I am convinced that there are more unhappy families than there are happy ones. Divorce and single parent statistics are only the tip of the iceberg. There has to be many more families as good as broken that fly beneath the radar because they are from all appearances ‘happy’.
I know (sadly) too many people with broken families. There are those who had a parent who strayed (and still straying). There are those who at a young age had a parent abandon their family and leave them in a financial lurch. There are those whose parents don’t leave but whose irresponsible life-style has put the family in debt, leaving it to the children to pay up. And there are those who may not have with any external signs abandoned the family, but who inflict great psychological and emotional pain through their words and actions, leaving their family feeling entrapped.
Family can be a wonderful thing. It can also be the scariest place to belong to. It is supposed to be the safest place in the world where you are accepted and loved for who you are from the moment you were born. But in reality, few people experience such unconditional love within the family. And when family members start hurting one another, abandoning each other, it can make home hell.
Sometimes we read in the news of grown children who refuse to take care of their aged parents, or who refuse to let their parents see the grandchildren. Quite often, the initial response is one of disapproval for the children and sympathy for the aged parents. Few people would consider the possibility, nay, the probability, that the aged parents may have inflicted terrible damage to their own children in the past.
If your father gambled and drank and womanized and left your mother to raise you and your siblings on her own… would you willingly take care of him in his old age when he has nobody left to go to? Even if you forgave him and did the filial thing although he never in his life exercised the responsibility of being a parent, wouldn’t it be very difficult?
There have been legal cases where the court orders grown children to care for their aged parents. But how many cases of parental neglect and abandonment of their children are there? If children were to take their parents to court, would they be deemed as unfilial and ungrateful? Why is it that children or spouses are expected to care for someone who failed to take care of the family, but irresponsible spouses and parents are spared?
Broken and dysfunctional families inflict pain that have lasting effects. And because all families have their problems, we all bear the marks, invisible or otherwise, of our suffering. These marks in our psyche are often repressed and ignored, becoming like buried land mines that lay quiet until one day, they are triggered in some other relationship.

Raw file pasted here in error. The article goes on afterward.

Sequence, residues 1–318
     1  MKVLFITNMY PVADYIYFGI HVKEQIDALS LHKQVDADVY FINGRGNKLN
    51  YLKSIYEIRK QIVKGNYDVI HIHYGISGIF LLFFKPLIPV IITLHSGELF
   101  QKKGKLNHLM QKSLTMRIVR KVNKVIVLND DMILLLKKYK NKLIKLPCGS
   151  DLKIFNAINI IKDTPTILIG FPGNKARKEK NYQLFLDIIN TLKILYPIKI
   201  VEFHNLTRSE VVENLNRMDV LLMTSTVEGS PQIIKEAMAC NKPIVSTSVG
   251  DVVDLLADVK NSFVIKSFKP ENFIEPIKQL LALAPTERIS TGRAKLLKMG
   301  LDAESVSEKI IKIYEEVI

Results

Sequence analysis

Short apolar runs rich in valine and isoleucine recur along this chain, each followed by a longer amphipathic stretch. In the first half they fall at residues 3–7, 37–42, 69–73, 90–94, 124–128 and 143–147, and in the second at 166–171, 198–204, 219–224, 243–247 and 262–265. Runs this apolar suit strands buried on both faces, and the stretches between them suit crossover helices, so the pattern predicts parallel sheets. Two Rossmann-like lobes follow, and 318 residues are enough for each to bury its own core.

As many of you with personal experience already know, many problems in the family are not easily resolved. That’s because it requires the entire family’s desire to work together, and usually, there is always someone who does not wish to cooperate. After all, the root of family problems are the family members’ personal issues.
Do we acknowledge that we bear psychological wounds? Do we acknowledge that we have been both victim and aggressor in our families? Do we desire to go on the path of healing, or do we choose to ignore our inner cries for help and harden our hearts instead?
I admit: it is much easier to harden our hearts. It can be so draining to have to deal with family problems that it is tempting to just shut my ears, my eyes, and my heart. Sometimes the frustration, indignation and anger get so strong it’s difficult to even consider being kind. But that would be wrong as that in itself would become an act of aggression, inflicting more wounds in the family.
What can we all do? Breathe. Remember that life goes on, and that life can still be beautiful. Remind ourselves that as ugly as human beings can be, humanity is still capable of kindness. If we keep our hearts and eyes open, we will still experience such instances of love and beauty. Above all, we must believe that the power of love is still greater than that of hatred, and that forgiveness is the best ‘revenge’. For our enemy is not the person who hurt us – our enemy is fear and hatred.
We must be prepared that it will take all our strength and will and might to even decide to choose the path of love. To walk this path is to ‘take up our crosses and follow Christ’. Christ’s path led Him to the Cross. Are we prepared to suffer and ‘die’ with Him?
I am. Where I stand now, I am unready. But I am willing to try, and I am willing to suffer. I am scared of what might come, but I fully believe that this is the path to life. And because my Lord is beside me, I will not be afraid.
The loving thing does not necessarily mean compassion at the expense of justice. But before we mete out any ‘measures of justice’ we must be honest with ourselves. Are we really doing it out of love, or are we masquerading revenge as justice? At the end of the day, we cannot help others without first helping ourselves.